US Senate Budget Committee is taking a closer look at Florida Citizens Insurance

Citizens Insurance Focus - home insurance

The Senate Panel is seeking to answer big questions about the insurer’s exposure if a storm hits.

The US Senate Budget Committee has requested a slew of documents and information from Florida’s Citizens Insurance, the home insurer of last resort in the state. The investigation has raised questions regarding climate risk and whether a major hurricane would cause the insurer to have to obtain help from the federal government.

The committee is aiming to learn more about the insurer’s ability to pay claims in worst case situations.

Governor Ron DeSantis received a letter from Committee Chair Sheldon Whitehouse (D – Rhode Island), which was also sent to Florida Insurance Commissioner Michael Yaworsky and Citizens Insurance President and CEO Tim Cerio. The letter requested information regarding the insurer’s models for potential financial exposure in the case of “worst case hurricane scenarios” as well as models indicating the ability of the insurer to pay claims in such situations.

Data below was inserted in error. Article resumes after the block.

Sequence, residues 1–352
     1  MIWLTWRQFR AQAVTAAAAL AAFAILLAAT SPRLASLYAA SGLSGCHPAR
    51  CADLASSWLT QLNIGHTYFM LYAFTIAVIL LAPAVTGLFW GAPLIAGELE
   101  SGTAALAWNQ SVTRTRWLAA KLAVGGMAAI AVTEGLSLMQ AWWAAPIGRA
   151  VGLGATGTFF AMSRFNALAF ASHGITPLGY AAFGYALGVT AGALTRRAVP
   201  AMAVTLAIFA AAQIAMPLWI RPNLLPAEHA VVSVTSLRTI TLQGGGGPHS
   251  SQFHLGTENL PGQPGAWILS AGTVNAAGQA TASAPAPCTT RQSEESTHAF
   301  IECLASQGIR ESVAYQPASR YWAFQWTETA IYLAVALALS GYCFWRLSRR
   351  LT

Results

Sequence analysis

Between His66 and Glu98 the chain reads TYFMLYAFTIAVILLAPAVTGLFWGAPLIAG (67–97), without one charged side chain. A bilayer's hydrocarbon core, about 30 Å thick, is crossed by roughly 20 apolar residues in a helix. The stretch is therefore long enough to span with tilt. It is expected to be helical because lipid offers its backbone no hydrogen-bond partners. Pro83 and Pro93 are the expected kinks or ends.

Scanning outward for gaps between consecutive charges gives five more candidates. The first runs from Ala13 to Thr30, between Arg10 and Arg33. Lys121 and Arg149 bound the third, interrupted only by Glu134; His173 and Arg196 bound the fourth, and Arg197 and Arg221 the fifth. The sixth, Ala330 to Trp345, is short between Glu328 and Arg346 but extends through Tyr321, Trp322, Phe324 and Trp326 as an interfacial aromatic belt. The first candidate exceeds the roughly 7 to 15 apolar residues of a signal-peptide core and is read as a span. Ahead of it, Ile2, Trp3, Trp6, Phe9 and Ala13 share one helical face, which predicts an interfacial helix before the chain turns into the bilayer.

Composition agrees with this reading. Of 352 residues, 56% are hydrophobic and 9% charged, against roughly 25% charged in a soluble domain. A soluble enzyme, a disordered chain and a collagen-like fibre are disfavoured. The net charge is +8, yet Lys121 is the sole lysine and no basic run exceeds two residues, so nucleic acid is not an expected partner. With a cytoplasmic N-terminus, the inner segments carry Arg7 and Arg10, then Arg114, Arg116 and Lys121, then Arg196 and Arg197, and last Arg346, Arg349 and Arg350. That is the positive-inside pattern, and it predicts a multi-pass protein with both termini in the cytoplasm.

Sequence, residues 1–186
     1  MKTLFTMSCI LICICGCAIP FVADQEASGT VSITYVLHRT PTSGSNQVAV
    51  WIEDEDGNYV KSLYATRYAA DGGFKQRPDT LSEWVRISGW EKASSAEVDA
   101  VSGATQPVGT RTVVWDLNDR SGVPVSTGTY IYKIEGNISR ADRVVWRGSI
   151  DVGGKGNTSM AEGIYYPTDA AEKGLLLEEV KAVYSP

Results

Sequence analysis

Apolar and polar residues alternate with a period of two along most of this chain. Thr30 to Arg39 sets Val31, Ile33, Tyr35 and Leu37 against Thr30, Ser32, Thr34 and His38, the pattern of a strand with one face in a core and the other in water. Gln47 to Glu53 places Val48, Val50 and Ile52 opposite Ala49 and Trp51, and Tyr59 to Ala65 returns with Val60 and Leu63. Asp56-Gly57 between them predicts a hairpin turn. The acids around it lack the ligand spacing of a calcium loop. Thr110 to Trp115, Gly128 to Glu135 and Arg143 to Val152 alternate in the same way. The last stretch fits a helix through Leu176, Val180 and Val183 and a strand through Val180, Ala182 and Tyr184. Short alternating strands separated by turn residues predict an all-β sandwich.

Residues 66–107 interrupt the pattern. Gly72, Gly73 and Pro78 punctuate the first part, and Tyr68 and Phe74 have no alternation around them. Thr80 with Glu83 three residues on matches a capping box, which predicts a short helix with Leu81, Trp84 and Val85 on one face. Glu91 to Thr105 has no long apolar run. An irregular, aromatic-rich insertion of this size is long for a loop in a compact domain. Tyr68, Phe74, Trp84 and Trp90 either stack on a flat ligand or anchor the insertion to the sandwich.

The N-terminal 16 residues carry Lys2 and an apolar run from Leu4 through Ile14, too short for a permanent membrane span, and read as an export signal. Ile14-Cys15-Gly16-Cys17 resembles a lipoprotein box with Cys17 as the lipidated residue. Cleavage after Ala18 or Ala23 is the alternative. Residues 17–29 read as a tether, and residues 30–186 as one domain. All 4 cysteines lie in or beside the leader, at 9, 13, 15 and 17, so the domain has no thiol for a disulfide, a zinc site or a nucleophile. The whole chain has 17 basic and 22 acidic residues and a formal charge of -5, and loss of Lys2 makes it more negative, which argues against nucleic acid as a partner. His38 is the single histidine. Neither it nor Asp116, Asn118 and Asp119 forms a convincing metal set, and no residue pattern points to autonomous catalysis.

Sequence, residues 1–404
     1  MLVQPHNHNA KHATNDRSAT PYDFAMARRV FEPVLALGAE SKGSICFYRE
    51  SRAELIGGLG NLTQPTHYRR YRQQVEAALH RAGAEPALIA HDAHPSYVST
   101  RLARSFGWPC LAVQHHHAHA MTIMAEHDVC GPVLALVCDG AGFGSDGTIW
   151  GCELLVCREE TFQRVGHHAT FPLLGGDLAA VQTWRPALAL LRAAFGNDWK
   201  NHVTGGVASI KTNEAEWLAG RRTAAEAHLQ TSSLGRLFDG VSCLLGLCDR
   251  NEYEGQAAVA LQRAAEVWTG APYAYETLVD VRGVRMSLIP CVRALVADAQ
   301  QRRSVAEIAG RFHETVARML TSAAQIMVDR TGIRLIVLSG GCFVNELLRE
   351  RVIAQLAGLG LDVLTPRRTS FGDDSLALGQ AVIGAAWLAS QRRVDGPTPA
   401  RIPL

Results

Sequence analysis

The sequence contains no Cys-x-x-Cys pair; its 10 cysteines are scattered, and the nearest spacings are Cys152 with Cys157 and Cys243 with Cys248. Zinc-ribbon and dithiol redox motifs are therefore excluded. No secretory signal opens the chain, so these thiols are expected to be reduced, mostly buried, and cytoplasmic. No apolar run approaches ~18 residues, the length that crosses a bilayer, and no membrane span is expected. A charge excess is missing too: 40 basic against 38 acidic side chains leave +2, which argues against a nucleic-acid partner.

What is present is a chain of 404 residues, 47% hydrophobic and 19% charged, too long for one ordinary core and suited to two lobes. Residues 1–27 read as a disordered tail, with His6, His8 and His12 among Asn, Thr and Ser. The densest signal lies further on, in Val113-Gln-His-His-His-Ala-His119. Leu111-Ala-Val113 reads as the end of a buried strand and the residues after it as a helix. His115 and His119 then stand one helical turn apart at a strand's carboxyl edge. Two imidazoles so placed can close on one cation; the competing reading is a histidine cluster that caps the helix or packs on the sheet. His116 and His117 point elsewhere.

Citizens Insurance - Image of aerial view of hurricane damage and Claims

The letter focused on the tremendous amount of growth the insurer had experienced in recent years, as its policies have ballooned. It also pointed to state laws permitting the insurer to obtain “assessments” from its policyholders in the state, as well as from policyholders with other insurers, in order to pay its claims.

“If Citizens were unable to cover its losses, it is entirely possible that state leaders might ask the federal government for a bailout,” said the letter from Whitehouse. “Given the potential magnitude of Citizens’ losses, such a request would put the federal government (and by extension, all American taxpayers) at substantial risk.”

According to Citizens Insurance, the insurer would be able to pay claims following a major disaster.

Michael Peltier, a spokesperson for the insurer, emailed a statement saying that the insurer would be capable of paying claims filed after a major disaster.

“As Florida’s insurer of last resort, Citizens is structured so that it will always be able to protect its policyholders and pay claims,” said Peltier’s email. “If Citizens were to pay out all reserves and reinsurance following a major storm or series of disasters, it is required by Florida law to levy surcharges and assessments on its policyholders and all Florida insurance consumers until any deficit is eliminated. As such, Citizens will always have the ability to pay claims.”

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